www.wellsaid.com December 2014

When you hear the word "clich�," what comes to mind?  The holiday season is filled with them: "Tis the season," "'Twas the night before...," "Under the mistletoe." Perhaps they bring to mind favorite carols, stories, or traditions.  

Business clich�s have a different effect. These trite overused phrases may sound catchy, but they often cause your audience to roll their eyes, stop listening, and miss the intended meaning of your message. I recently heard a vice president of sales speak at his company's national sales meeting. Here are a few excerpts from his talk:  

  • Regarding our new sales strategy, let me tee it up by saying this product is cutting edge technology; if we get our ducks in a row, we can knock it out of the park this year...
  • Let me open the kimono and admit we dropped the ball with the delayed release of 5.0; in fact, we lost our shirts, but I'm not throwing anyone under the bus--it is what it is...
  • We've got to bite the bullet and do more with less. It's a paradigm shift, so we need to think outside the box.
  • The first way to move the needle is to pick the low-hanging fruit...
  • In closing, I want you to hit the ground running and bring your A-game, because at the end of the day, we've got to take it to the next level. We've got to synergize our efforts.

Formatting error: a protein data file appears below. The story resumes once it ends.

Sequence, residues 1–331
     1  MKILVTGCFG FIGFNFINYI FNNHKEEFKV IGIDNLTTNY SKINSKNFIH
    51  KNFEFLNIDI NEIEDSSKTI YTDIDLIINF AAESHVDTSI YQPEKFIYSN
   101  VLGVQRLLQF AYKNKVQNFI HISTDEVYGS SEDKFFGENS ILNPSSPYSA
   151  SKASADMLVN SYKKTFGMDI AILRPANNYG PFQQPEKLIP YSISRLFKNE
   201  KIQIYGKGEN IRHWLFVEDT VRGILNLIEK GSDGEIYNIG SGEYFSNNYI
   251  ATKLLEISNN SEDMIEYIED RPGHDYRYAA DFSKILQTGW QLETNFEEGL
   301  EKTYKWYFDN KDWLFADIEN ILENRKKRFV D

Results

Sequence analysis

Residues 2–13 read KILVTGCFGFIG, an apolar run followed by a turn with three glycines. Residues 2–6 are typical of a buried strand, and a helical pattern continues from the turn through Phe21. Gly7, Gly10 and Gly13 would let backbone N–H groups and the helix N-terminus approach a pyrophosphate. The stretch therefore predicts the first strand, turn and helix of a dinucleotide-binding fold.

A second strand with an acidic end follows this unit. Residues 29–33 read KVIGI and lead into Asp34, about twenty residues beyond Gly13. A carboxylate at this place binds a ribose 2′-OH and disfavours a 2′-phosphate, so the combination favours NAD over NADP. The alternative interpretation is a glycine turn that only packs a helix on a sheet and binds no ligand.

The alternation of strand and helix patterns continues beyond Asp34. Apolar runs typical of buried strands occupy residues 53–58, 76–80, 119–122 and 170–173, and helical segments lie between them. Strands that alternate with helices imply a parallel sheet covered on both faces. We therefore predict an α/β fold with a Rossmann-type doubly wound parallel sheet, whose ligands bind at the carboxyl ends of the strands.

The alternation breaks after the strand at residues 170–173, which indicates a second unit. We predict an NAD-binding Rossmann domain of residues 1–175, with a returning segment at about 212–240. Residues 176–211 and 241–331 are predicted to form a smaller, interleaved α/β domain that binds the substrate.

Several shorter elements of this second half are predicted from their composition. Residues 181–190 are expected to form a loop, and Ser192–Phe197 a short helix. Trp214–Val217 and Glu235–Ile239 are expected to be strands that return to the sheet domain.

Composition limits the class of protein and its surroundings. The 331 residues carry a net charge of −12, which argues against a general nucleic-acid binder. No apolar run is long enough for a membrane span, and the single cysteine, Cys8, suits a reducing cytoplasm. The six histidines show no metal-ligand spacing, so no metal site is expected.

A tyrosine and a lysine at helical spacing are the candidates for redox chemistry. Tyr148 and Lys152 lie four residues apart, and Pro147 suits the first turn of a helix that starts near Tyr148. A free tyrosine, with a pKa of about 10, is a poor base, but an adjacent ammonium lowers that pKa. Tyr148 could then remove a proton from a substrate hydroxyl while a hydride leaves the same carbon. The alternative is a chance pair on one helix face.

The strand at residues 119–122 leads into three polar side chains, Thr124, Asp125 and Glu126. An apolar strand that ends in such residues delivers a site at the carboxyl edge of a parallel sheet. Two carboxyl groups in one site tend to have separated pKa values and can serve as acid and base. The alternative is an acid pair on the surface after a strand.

When I polled audience members after the speech, no one could clearly articulate what their boss had said, or state specifically what he wanted them to do. To ensure your words are meaningful and memorable, please consider the tips below.


Thank you for your loyal readership, and Happy Holidays!


Kind regards,


Be Clear: Cut the Clich�s

By Darlene Price, Well Said, Inc.

"The surest sign of the truth is simplicity and clarity."

--Leo Tolstoy


When you speak or write, the first goal is clarity. You want your listeners or readers to understand your intended message. Clich�s are barriers to simple clear communication because they mask true meaning; they lack specificity, influence, and originality. You'll gain more credibility and engage with listeners more effectively when you say what you mean, in your own words. Here are suggested replacements for the above clich�s.

  1. Tee it up.  Unless you understand the game of golf, this phrase makes no sense. Instead say, "Introduce," or "Provide some background."
  2. Ducks in a row. Exchange this stock saying with, "Consistently work the steps of our sales process," or "Get organized," or "Prepare properly."
  3. Cutting edge technology. Replace this stale overused marketing term by saying what you really mean: "This new product gives users the fastest processing speed on the planet."
  4. Knock it out of the park. Define what you mean by a home-run: "Sell one million units before the end of the year." 
  5. Open the kimono.  Do you really want to expose the nudity of one wearing a traditional Japanese robe? Replace this odd and tasteless expression with real meaning:  "Here's the fact," or "In full disclosure, let me say..."
  6. Dropped the ball. Lose the vague sports analogy and explain the mistake: "We missed a big opportunity to be the first-to-market."
  7. Lost our shirts. Say instead what you actually lost: "Because of the delayed release, we lost 17% of our customer base and had to cut 210 jobs."